Wildlife & Natural Resources Management

Union County Parks follow NJ COVID-19 guidelines: Social distancing required/Masks strongly recommended

Union County Parks follow NJ COVID-19 guidelines:  Social distancing required/Masks strongly recommended

In accordance with State executive orders, Union County parks have reopened and are operating in accordance with current COVID-19 guidelines.

“Masks and social distance are the only effective tools we have for stopping the spread of COVID-19, so we strongly urge visitors to continue to observe precautions against infection while enjoying outdoor activities in County parks,” said Freeholder Chairman Alexander Mirabella.

Social distancing, wearing face masks, washing hands frequently, and keeping hands away from one’s face are among the basic and most effective precautions for preventing the transmission of COVID-19 and other infections. Persons who feel sick should stay away from others.

The following rules apply to Parks activities:

  • Trail biking:Trail biking is prohibited in all Union County parks. Trail biking was prohibited before the COVID-19 outbreak, and the prohibitions continue. Bicycles are permitted on paved paths and roadways.
  • Closed: The Warinanco Sports Center and the Trailside Nature and Science Center remain closed.
  • Recreation Facilities reopened with restrictionsGalloping Hill and Ashbrook Golf Courses, Oak Ridge Archery Range, tennis courts, Echo Lake and Warinanco dog parks, Watchung Stable (Details on Parks website)
  • Picnic areas: The maximum number of people allowed in a picnic area varies. Check with Parks Reservation Desk for capacity before reserving a picnic area, 908-527-4900.
  • Athletic fields: As per executive order, prior restrictions are lifted
  • Playgrounds: Parks playgrounds are open at Cedar Brook, Conant, Echo Lake, Esposito, Green Brook, John Russell, Wheeler, Lighting Brook, Loop Playground, Madison Avenue, Mattano, Mohawk, Mohawk, Nomahegan, Phil Rizzuto, Ponderosa, Rahway, Rutgers Ave, Snyder, Unami, Warinanco, Wheeler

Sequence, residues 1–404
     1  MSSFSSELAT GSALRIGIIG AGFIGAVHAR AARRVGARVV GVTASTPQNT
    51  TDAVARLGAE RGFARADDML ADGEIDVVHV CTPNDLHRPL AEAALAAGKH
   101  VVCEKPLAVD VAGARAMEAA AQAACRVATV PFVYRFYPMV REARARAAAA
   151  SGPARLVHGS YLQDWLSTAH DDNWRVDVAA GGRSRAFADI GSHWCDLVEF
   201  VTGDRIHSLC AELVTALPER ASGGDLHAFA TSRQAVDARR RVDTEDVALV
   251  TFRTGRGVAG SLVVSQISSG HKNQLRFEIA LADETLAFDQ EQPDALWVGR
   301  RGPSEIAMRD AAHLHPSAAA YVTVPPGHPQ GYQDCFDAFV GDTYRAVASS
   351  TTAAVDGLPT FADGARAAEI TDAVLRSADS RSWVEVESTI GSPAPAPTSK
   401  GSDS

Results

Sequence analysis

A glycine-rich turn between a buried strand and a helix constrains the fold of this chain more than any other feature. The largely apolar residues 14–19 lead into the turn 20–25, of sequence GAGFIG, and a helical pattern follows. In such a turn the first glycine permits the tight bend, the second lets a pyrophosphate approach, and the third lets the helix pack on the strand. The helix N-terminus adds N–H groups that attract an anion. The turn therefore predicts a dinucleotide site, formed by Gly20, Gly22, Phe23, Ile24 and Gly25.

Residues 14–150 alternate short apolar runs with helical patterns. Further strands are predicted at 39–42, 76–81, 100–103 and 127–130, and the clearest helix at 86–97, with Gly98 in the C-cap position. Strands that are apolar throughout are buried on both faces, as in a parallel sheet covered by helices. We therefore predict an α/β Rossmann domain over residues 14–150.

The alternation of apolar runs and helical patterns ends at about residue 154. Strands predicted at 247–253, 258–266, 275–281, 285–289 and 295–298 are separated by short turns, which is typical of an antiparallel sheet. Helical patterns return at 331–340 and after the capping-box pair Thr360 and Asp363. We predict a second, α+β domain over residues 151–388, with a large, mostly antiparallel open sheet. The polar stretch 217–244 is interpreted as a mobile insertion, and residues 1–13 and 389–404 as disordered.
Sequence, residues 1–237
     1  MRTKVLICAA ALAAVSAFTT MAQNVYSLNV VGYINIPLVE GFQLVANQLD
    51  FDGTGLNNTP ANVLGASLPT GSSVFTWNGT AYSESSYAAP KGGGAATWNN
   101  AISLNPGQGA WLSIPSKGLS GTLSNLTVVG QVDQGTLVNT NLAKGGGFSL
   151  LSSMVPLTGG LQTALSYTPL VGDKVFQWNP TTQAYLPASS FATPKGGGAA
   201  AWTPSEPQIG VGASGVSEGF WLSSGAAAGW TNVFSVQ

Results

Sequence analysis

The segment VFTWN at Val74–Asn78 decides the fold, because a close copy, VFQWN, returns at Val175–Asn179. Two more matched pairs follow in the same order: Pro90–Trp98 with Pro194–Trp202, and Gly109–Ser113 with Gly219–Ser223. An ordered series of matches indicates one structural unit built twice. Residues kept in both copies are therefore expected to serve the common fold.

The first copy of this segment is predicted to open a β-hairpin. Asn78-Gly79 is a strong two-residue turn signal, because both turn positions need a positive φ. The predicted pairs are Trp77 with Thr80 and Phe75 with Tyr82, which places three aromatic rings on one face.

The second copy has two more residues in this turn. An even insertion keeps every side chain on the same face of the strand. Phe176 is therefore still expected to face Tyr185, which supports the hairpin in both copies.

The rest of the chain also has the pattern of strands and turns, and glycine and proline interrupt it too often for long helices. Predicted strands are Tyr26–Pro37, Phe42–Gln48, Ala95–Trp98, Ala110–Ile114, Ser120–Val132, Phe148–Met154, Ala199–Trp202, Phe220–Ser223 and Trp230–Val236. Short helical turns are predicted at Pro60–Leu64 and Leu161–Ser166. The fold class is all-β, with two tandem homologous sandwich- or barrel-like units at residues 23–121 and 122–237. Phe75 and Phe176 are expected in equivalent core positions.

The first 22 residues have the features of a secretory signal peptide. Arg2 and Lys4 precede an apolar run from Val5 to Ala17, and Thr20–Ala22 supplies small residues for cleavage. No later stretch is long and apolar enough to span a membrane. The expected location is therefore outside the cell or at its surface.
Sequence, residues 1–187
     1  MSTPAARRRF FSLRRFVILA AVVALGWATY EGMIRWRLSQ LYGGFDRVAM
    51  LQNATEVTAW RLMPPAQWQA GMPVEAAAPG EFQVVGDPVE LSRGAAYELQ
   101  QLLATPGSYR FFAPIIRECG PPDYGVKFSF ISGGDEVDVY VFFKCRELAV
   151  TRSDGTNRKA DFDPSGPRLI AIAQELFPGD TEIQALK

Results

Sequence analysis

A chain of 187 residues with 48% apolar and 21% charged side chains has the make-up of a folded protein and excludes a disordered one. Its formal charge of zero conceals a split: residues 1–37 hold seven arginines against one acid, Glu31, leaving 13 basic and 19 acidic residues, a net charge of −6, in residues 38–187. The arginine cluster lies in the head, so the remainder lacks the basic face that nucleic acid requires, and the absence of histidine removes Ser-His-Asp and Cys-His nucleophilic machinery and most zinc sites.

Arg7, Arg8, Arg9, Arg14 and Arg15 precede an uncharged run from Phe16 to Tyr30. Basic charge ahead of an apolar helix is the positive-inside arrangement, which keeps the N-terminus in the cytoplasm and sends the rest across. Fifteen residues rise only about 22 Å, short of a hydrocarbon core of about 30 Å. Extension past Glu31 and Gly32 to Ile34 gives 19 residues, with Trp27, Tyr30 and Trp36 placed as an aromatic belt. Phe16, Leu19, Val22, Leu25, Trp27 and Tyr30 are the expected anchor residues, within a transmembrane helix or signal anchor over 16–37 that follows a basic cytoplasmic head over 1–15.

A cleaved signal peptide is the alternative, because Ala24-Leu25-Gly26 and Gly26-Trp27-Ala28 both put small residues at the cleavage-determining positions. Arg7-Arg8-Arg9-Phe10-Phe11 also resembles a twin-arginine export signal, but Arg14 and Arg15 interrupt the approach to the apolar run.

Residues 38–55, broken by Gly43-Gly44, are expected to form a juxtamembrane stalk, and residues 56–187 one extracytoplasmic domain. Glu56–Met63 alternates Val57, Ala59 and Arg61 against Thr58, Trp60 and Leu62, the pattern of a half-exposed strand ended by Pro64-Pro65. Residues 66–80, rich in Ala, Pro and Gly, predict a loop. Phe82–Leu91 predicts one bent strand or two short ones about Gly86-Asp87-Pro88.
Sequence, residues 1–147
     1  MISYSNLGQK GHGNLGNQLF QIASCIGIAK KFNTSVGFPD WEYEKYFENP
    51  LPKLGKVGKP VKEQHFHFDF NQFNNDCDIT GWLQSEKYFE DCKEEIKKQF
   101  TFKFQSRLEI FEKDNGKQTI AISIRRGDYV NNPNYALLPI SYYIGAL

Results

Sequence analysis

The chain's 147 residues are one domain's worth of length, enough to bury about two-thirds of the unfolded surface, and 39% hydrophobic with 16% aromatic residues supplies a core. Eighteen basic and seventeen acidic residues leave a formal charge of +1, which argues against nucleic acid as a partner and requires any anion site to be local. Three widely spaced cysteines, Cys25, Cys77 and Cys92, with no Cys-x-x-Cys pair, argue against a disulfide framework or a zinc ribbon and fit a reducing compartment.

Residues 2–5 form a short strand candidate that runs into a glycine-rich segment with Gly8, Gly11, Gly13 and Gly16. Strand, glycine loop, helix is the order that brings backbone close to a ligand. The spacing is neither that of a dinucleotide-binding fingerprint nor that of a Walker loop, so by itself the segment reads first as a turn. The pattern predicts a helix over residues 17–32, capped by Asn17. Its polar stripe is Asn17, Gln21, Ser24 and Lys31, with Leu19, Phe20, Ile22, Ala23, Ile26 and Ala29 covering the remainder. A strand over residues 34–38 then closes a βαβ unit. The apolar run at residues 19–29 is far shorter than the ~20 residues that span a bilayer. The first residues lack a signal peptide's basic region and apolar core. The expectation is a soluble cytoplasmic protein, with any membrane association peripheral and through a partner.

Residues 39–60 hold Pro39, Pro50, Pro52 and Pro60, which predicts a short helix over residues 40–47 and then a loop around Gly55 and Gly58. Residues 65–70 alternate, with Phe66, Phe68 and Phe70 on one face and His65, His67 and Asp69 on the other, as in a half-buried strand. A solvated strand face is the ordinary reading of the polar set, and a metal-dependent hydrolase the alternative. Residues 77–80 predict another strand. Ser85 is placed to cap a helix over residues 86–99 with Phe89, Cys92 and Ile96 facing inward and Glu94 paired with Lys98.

• Walking/Cycling/Fishing: Individual activities such as walking, jogging, biking and fishing are allowed. Bicycles are allowed on paved pathways only. No bicycles are allowed on unpaved paths and trails in Union County parks.
  • Use of walking path: Give way to others to maintain six-foot distance when passing.
  • Masks: Strongly recommended.
  • Parking and hours of use: Parking hours vary in Union County Parks and are posted in all lots.
  • Reporting abuse of social distance guidelines: Call Union County Police908-654-9800.

For maps, directions, and more information about activities in Union County parks, visit online at ucnj.org/parks, email parksinfo@ucnj.org, or call 908-527-4900.

Park visitors please note: Stay on marked trails to preserve fragile native habitat. The taking of plants and other wildlife is prohibited. Share paved paths by keeping to the right unless passing. Dogs must be kept on leash. All trash must be carried out where receptacles are full or unavailable. 

For more information and updates on all Union County services during the COVID-19 outbreak, including guidance for the Test Center, visit ucnj.org/coronavirus-update.

For general information about COVID-19 and phone contacts for 24/7 assistance with questions, visit the New Jersey Department of Health at nj.gov/health.

Union County Parks are among the most heavily used recreational areas in the region, whether it’s for a soccer match at Warinanco Park or a hike through the 2,000-acre Watchung Reservation.

Maintaining these parks, along with preserving them for future generations, also involves managing the wildlife populations that inhabit these green spaces. In an urban area like Union County, most predatory species are gone. So it is up to Parks to maintain the environmental balance that Mother Nature once handled.

When deer populations far exceed the carrying capacity of a preserve like the Watchung Reservation, they destroy the understory, which is vital to the survival of smaller species.

When Canada Geese stop migrating, their huge numbers not only create problems for park users, but also end up polluting the lakes and ponds.

The Parks System, along with the state Department of Environmental Protection, seeks to maintain a environmental balance in the parks that is healthy, both for wildlife and the habitats.

In this section are more details on how Wildlife Management is carried out in the Parks System.